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Ottawa made a minor move on Monday, agreeing to terms with d-man Fredrik Claesson on a one-year extension worth $650,000.

The deal is of the one-way variety.

Claesson, 24, has appeared in 19 games for the Sens this year, scoring five points. He’s averaging just 10:27 per game but has been a more regular lineup fixture regularly, having played in five of Ottawa’s last six games.

The Swedish rearguard has also appeared in nine games for AHL Binghamton. Since coming over from SHL outfit Djurgardens in 2013, Claesson has been up and down between Bingo and Ottawa frequently, though this latest deal would suggest he’s in line for a more permanent NHL gig.

 

 

 

 

Flames nab d-man Stone from Coyotes

GLENDALE, AZ - FEBRUARY 18:  Michael Stone #26 of the Arizona Coyotes passes the puck during the NHL game against the Dallas Stars at Gila River Arena on February 18, 2016 in Glendale, Arizona. The Coyotes defeated the Stars 6-3.  (Photo by Christian Petersen/Getty Images)
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The selling has begun.

As first reported by TSN’s Bob McKenzie, the Calgary Flames have pried defenseman Michael Stone out of Arizona for a third-round draft pick, plus a conditional fifth-rounder in 2018.

Stone, 26, is a pending unrestricted free agent with a cap hit of $4 million. A right shot, he has one goal and eight assists in 45 games while averaging 20:13 of ice time.

The Coyotes will retain half of Stone’s salary. The condition is whether Stone re-signs with the Flames.

Stone will join a Flames blue line that recently added Matt Bartkowski on a two-year deal. In Saturday’s 2-1 overtime loss to Vancouver, Dennis Wideman, also a right shot, logged just 13:35 of ice time. With the arrival of Stone, Wideman could be the odd man out.

The Flames are in Nashville to take on the Preds tomorrow.

Goalie nods: Panthers go back to red-hot Reimer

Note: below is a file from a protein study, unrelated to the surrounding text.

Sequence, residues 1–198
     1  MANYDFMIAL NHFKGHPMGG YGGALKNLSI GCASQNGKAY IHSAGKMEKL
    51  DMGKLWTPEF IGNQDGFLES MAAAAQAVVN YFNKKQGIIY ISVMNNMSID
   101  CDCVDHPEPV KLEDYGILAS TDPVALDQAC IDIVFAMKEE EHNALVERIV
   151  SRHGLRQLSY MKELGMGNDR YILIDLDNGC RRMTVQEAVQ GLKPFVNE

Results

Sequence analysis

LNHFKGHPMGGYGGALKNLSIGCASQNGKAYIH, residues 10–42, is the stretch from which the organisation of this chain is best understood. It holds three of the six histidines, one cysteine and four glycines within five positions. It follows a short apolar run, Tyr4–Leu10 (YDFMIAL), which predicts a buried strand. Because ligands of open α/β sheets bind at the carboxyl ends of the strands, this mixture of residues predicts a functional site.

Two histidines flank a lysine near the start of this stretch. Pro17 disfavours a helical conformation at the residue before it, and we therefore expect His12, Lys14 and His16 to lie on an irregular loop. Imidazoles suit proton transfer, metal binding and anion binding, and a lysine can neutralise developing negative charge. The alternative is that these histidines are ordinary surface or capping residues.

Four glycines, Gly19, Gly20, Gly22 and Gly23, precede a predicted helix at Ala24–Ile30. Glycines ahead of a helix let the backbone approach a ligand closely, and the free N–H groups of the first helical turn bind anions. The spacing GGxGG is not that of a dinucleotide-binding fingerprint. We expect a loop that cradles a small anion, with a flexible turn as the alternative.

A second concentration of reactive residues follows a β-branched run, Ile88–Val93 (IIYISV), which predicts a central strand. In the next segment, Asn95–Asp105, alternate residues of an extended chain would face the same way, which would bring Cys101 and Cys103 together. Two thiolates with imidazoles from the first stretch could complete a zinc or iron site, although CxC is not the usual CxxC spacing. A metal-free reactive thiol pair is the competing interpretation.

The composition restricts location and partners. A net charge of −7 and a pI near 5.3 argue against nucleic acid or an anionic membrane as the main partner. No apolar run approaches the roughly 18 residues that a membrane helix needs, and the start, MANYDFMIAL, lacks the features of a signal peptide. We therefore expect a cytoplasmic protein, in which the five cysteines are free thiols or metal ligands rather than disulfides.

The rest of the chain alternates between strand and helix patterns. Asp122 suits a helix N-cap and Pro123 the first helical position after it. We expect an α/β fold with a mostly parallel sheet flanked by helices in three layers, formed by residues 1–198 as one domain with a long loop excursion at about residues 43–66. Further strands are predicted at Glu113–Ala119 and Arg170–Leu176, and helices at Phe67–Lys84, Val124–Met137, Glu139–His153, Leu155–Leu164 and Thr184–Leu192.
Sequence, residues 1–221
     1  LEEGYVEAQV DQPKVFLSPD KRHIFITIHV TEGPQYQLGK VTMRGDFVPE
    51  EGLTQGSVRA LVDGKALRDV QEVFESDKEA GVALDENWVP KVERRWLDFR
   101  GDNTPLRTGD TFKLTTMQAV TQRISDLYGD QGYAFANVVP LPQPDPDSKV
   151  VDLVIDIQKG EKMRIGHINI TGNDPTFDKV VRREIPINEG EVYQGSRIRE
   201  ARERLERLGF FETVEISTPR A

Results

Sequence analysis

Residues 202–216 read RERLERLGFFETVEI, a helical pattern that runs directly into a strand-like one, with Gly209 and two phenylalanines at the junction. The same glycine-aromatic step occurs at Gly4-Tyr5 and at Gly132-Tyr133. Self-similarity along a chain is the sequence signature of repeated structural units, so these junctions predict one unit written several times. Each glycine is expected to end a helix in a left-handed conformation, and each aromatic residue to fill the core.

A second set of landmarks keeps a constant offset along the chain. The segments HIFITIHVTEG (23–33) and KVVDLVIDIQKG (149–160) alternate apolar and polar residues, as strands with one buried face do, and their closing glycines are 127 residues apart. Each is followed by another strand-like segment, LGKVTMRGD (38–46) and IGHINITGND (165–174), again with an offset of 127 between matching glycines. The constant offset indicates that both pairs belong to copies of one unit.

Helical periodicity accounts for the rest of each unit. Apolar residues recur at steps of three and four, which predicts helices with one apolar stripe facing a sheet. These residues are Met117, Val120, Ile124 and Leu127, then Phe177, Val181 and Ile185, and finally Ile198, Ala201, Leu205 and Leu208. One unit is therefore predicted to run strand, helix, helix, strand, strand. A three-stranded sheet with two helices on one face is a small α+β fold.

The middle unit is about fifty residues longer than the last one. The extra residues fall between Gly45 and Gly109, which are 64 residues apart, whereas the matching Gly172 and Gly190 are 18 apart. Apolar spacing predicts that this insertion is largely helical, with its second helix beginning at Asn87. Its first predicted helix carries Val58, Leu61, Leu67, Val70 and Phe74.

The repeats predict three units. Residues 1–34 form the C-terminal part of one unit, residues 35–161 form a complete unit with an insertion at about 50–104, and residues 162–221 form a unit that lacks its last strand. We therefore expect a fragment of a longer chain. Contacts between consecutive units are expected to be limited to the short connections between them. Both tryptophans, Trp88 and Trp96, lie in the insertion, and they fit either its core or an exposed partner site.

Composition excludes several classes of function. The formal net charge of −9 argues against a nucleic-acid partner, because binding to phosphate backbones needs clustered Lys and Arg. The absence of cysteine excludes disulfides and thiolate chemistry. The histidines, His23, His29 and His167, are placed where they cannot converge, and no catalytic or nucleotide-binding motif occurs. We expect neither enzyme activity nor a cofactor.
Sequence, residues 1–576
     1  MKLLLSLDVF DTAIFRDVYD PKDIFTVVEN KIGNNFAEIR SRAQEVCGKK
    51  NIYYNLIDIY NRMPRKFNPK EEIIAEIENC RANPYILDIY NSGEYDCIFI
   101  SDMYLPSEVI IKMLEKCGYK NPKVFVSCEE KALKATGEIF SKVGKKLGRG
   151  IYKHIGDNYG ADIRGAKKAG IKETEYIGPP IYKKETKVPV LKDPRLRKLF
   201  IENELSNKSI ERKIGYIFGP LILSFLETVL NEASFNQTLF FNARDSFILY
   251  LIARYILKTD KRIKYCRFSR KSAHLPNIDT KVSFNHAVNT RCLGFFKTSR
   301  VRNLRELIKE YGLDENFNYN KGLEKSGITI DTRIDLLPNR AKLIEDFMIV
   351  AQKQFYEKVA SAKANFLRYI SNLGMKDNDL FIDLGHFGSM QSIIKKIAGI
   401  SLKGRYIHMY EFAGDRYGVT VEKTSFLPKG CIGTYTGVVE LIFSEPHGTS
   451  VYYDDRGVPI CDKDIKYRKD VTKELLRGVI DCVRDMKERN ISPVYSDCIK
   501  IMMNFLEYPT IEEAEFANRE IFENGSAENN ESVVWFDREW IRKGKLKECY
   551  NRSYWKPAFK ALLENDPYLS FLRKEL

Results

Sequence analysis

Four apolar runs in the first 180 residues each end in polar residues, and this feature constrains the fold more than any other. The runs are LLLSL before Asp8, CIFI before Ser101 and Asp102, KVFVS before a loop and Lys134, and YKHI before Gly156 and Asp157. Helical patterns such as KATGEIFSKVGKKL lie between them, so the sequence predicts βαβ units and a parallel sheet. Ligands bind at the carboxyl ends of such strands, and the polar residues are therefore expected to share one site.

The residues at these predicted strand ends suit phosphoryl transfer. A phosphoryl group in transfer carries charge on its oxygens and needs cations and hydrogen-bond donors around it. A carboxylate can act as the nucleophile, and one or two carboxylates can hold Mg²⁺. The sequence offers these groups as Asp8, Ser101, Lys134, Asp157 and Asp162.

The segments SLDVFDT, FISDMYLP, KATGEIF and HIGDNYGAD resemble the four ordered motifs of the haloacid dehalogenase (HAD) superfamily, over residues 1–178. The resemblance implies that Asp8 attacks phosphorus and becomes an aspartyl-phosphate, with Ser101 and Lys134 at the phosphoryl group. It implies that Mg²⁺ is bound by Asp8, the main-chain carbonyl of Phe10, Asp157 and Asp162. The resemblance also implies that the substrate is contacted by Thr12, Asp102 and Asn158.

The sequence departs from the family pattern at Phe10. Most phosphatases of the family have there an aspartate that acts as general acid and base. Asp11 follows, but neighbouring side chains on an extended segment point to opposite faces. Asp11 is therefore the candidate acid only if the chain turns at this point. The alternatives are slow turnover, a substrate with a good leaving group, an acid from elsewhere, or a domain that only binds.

TAMPA, FL - OCTOBER 18:  James Reimer #34 of the Florida Panthers makes a save against Tampa Bay Lightning during the second period at the Amalie Arena on October 18, 2016 in Tampa, Florida. (Photo by Mike Carlson/Getty Images)
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Florida’s found an ideal situation in goal.

James Reimer, who’s been terrific for the last three months, will make his sixth appearance in the last nine games when the Panthers take on the Blues in St. Louis tonight. The start comes just three days after his last — a stellar 35-save effort in a 4-1 win in Anaheim — and two nights after Roberto Luongo stopped 33 of 35 in a win over the Kings.

So yeah, nice little dynamic at play here.

Luongo, who turns 38 in April, was fatigued down the stretch last year and admitted as much following an opening-round playoff loss to the Isles. That was one of the big reasons Florida brought aboard Reimer, inking him to a fairly lucrative five-year, $17 million deal.

After a bit of a rough start, Reimer has been full value. He turned things around with a solid December (.941 save percentage), and continued that over to the new year. Things have really taken off lately, though, as his stellar play has given head coach Tom Rowe the luxury of resting Luongo, knowing that Reimer will provide stability in goal.

Consider what Reimer’s done over the last three weeks alone:

Jan. 26: Stopped 31 of 32 shots in a 2-1 win over Tampa Bay.

Feb. 3: Stopped 22 of 23 shots in a 2-1 win over Anaheim.

Feb. 15: Stopped both shots faced in relief of Luongo in an OT win over San Jose.

Feb. 17: The aforementioned 35-save victory over the Ducks.

Reimer’s only poor outing was on Feb 9. when he was hooked after allowing three goals on 14 shots against L.A.

For the Blues, Jake Allen gets the start.

Elsewhere…

— Just one other game on the slate tonight, as the Ducks take on the Coyotes in Arizona. Mike Smith will go for the ‘Yotes, after making 29 saves in a win over San Jose on Saturday. For Anaheim, no word on a starter yet. John Gibson shut out the Kings last night, so he could be in line for a break — but that said, he’s been outstanding over the last two months, and head coach Randy Carlyle could opt to go right back to him.